North Korea, Egypt, Israel, Lebanon and Syria have refused to join a treaty banning chemical weapons, thereby posing a danger to 180 nations that have pledged to destroy stockpiles, the head of a monitoring group said on Friday.
Argentine Rogelio Pfirter, director-general of the group that implements the treaty, told a news conference and the UN General Assembly that all countries should be obliged to join the Chemical Weapons Convention, which came into force in April 1997.
"It is very unfair to other countries if a few countries retain for themselves the privilege of producing chemical weapons when all the others are transparent in this field," said Pfirter, head of the Hague-based Organization for the Prohibition of Chemical Weapons.
Even one country refusing to join was a "major loophole" in getting rid of such arms, which include the deadly nerve gas VX and mustard gases, he said.
As for North Korea, Pfirter said, Pyongyang has not replied to entreaties to join the convention, despite "allegations of the potential existence of stockpiles."
A Security Council resolution on October 14 on North Korea's nuclear test demanded the nation rid itself of all weapons of mass destruction.
In the Middle East, Egypt, Israel, Lebanon and Syria "in one way or another" contended they could not sign the treaty because of a regional conflict, an excuse Pfirter rejected because so many other countries in war zones have signed.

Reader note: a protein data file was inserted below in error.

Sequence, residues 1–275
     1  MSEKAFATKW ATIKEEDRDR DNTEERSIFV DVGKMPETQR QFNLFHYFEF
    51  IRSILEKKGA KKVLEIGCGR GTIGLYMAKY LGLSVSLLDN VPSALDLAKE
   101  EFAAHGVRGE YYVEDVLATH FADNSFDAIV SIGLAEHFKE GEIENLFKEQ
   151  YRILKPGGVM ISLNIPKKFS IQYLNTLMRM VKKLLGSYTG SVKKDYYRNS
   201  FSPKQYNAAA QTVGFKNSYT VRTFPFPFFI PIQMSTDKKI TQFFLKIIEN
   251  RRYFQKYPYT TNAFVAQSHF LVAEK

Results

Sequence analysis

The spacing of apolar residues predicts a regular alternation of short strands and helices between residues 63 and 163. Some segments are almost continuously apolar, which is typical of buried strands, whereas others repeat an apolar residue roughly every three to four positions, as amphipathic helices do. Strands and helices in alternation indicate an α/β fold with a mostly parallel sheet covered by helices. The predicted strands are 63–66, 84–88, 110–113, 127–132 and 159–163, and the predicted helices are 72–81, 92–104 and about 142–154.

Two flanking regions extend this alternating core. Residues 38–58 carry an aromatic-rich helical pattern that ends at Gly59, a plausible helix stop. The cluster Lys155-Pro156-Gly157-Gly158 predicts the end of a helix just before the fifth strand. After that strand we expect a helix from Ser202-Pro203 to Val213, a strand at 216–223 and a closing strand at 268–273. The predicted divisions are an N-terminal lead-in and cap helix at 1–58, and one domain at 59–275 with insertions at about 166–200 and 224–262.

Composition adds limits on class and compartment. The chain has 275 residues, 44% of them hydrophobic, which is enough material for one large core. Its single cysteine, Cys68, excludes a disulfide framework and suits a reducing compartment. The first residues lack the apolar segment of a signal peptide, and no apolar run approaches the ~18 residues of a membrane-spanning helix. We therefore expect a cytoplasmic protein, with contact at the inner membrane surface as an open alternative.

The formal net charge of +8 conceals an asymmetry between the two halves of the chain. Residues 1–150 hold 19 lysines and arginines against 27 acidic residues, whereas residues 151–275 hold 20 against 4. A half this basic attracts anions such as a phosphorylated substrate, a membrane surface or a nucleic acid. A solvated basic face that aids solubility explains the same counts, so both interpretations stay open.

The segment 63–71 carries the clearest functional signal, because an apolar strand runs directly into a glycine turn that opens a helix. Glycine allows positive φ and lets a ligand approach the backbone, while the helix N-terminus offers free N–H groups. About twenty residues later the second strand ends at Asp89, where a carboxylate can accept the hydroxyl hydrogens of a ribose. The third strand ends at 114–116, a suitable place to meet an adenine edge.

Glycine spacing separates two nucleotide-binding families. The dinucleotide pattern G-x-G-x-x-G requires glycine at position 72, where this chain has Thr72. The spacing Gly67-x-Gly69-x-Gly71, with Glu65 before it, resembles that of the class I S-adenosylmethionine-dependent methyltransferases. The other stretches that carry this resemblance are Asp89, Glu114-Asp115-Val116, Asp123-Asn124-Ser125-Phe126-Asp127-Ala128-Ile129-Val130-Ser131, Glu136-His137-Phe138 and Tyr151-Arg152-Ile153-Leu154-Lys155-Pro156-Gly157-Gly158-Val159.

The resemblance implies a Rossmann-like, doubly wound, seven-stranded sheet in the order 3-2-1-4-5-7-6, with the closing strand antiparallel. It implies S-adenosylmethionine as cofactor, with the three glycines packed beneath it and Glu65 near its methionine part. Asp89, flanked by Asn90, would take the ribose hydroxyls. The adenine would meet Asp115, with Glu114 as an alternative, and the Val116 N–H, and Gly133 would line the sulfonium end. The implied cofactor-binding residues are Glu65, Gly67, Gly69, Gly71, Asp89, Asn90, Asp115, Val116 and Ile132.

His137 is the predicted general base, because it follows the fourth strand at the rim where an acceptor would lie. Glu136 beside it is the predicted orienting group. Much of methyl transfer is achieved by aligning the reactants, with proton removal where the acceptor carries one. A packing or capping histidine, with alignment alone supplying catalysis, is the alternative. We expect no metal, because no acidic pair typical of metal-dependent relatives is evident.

Of those nations that have declared chemical weapons stockpiles, Russia has the most with more than 40,000 metric tons, followed by the United States with 27,000 metric tons. Other declared holders are India, Libya and Albania.
The treaty bans the use of chemical weapons as well as their development, production, stockpiling and transfer. It says that all stockpiles must destroyed by April 2007 but allows an extension and both the United States and Russia are seeking another five years.
Last April, US Defence Secretary Donald Rumsfeld told congressional defence committee leaders that the United States could destroy only an estimated 66% of its declared chemical weapons stockpile by the 2007 deadline.
Pfirter, whose group provides inspectors, said operations have been completed at two US facilities while six others are still operating.
US officials estimate a cost of more than $US32 billion to destroy the entire stockpile because special plants have to be built to do the job safely.